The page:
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Men's Fall Fashion Issue

Hitting the Right Notes

Two Very Different L.A. Music Talents--Country Singer Dwight Yoakam and Hollywood Bowl Conductor John Mauceri--Make Fall's Looks Work for Them

September 08, 2002|HEATHER JOHN

A man dressed in a cowboy hat, alligator boots and a Dolce & Gabbana suit slinging a Gibson Honky Tonk Deuce guitar leaves little doubt that you can take the boy out of the country, but you can't take the country out of the boy. ''I've always said I was born in Kentucky and raised in Ohio, but grew up in California,'' says Dwight Yoakam with a twang that 25 years of California living has done little to erase. Drawn to L.A. in 1977 by a country-rock scene that included Clarence White, the Byrds, Gram Parsons, the Flying Burrito Brothers and the Eagles, Yoakam embarked on a career that has seen 16 albums, two Grammys and 21 nominations. In November he'll release a 10-CD box set called ''Reprise, Please Baby: Dwight Yoakam, The Warner Years.''

He's currently on tour sporting duds he describes as ''pushing the outer edge of the Western style envelope,'' which he designs in collaboration with North Hollywood tailor Jaime Castaneda. ''I sketch in my own inept fashion where I want embroidery and what I want the elements to be, and Jaime crafts that with me.'' Similarly, in designing his boots, the artist has worked exclusively for the past decade with Rios of Mercedes, Texas, which aficionados regard as the benchmark in Western footwear.

His personal style reaches beyond the country music set. The Gap has featured Yoakam in two major campaigns--last Christmas' ''Give a Little Bit'' charity drive and their line-dancing commercial featuring Yoakam's remake of the band Queen's song ''Crazy Little Thing.'' ''When they approached me, they were a little sheepish about the song they wanted us to sing,'' he says. ''I thought it was great. That was Freddie Mercury's tribute to rockabilly, and so it comes full circle because [the song] is back in the hands of a hillbilly singer.''

Yoakam's creativity doesn't stop in the music and fashion arenas. Since 1992, he's appeared in 11 movies, including Billy Bob Thornton's Oscar-winning ''Sling Blade'' and last spring's blockbuster ''Panic Room.'' It was during filming of the latter project that costar Forest Whitaker discovered Yoakam's latest creative outlet: biscuits. His eponymous line of frozen ''Bakersfield Biscuits'' hit national supermarkets earlier this summer. ''It started off as a response to Buck Owens' ribbing to do something special for the opening of his Bakersfield restaurant, Crystal Palace,'' he says. (Yoakam is perhaps best known for his 1988 duet with Owens, ''Streets of Bakersfield.'') The biscuits were an instant hit with patrons, and Yoakam began working with scientists to re-create the frozen version for national distribution. ''We were testing them in my dressing room on the set of 'Panic Room,' and Forest would smell them baking and come in to try them,'' he says. ''Now the biscuits have a life of their own.'' Which means Yoakam can return to his first passion. ''I'll always look to music first as an outlet for expressing myself.''

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John Mauceri is one of those guys who'll give you the shirt off his back--literally. ''If people like what I'm wearing, I tend to give it to them after about a year,'' he says. ''And there are actually people all over wearing my clothes. I love to do that!'' But the 56-year-old principal conductor of the Hollywood Bowl Orchestra doesn't stop with cashmere sweaters. Or the latest Pema Chodron work (''I never thought I was going to read a book by an American Buddhist nun, but 'When Things Fall Apart' is so life-affirming I've bought 30 copies and find myself giving them to people''). Giving back is somewhat of a theme with Mauceri, and most often he's done it through music.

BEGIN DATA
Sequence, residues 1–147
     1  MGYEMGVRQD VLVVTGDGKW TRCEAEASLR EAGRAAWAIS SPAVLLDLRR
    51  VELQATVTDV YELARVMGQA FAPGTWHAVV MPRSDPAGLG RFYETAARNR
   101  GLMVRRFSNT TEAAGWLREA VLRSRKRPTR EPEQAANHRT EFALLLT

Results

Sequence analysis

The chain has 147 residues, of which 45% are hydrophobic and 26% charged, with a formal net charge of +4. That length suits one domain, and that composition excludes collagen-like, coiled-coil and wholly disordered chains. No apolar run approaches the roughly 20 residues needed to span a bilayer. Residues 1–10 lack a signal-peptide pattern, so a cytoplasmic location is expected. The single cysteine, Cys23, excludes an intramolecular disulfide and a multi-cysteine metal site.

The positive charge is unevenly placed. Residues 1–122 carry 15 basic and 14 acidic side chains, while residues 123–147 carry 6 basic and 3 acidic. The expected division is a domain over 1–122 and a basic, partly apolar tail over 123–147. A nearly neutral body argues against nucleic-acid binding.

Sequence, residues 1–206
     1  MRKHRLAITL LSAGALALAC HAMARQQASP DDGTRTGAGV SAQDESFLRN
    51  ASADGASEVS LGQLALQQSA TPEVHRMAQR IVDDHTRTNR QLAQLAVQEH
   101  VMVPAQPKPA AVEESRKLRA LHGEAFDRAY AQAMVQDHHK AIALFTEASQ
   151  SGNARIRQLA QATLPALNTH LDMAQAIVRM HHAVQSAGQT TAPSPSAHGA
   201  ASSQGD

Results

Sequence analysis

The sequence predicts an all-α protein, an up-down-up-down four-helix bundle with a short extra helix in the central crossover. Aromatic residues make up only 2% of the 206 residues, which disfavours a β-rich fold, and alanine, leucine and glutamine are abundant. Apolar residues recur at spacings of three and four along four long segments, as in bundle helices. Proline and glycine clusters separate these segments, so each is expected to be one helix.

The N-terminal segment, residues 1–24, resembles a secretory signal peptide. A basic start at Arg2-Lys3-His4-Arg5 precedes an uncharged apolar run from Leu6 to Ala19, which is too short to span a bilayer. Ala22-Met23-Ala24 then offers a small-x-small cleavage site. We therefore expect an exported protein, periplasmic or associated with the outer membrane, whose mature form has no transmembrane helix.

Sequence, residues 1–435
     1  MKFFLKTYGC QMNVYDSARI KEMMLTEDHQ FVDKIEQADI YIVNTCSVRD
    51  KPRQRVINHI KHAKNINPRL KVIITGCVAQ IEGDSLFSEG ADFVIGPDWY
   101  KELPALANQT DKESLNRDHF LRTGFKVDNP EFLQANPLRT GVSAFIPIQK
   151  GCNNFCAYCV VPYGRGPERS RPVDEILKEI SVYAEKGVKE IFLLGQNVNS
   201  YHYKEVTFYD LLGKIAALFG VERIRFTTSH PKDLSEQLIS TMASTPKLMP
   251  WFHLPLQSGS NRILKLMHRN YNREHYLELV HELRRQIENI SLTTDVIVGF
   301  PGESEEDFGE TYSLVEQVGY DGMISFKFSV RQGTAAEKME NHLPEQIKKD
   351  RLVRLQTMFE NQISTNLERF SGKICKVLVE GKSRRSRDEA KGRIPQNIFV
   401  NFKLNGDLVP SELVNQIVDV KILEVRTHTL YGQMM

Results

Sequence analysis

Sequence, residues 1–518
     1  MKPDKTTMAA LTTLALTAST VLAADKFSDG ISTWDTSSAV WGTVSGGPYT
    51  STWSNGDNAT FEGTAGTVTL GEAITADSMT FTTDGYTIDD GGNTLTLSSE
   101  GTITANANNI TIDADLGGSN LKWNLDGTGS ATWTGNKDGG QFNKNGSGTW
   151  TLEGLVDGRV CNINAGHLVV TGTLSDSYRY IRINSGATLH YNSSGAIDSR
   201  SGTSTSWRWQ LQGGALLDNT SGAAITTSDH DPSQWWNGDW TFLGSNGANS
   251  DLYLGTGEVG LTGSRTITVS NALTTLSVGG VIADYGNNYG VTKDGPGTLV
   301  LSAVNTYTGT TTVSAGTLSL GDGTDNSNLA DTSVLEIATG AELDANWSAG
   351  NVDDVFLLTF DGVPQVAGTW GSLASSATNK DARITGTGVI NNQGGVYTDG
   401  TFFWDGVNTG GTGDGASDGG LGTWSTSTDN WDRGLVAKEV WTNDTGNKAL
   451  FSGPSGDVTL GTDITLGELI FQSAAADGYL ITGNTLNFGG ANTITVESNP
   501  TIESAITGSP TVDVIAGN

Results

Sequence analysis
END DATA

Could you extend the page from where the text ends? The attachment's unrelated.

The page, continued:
Mauceri--who worked with Leonard Bernstein for 18 years, has conducted everyone from Placido Domingo to Madonna and has won Grammy, Tony, Emmy, Olivier and Edison awards, to name a few--works imaginatively to create concerts that celebrate Los Angeles and its context in the world. He's in his 12th season with the Hollywood Bowl Orchestra, which was created for him by the Los Angeles Philharmonic Assn. in 1991. ''I wanted to make this new orchestra representative of the cultural achievements of the city, which is impossible for one organization to truly represent, but it was always my goal.'' Creative programs such as ''Rodgers & Hammerstein at the Movies,'' which was performed against a big screen featuring scenes from movies such as ''South Pacific,'' ''The King & I'' and ''The Sound of Music,'' are, he says, ''specifically for the point of view of Los Angeles because all of the orchestrations were written here.'' Earlier this year, he staged a one-night performance of Puccini's opera ''La Boheme.'' ''I'm sure it came as a surprise to a lot of people that 'La Boheme' had its American premiere in Los Angeles in 1897,'' he says. ''That night I said to the audience, 'This is your opera, too. It was here first.' ''

''That's why I do music--for that kind of community sense of being linked with people,'' he continues. ''With [music], I feel like I'm part of a tradition of human expression that goes as far back as anyone can imagine and, at the same time, it works on a horizontal level with people who are living all over the world right now. I conduct music of many different styles and many different levels of complexity because I look for that common denominator--and in that common denominator I find the human experience and the human soul.''

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Heather John is a senior Style editor at the magazine.

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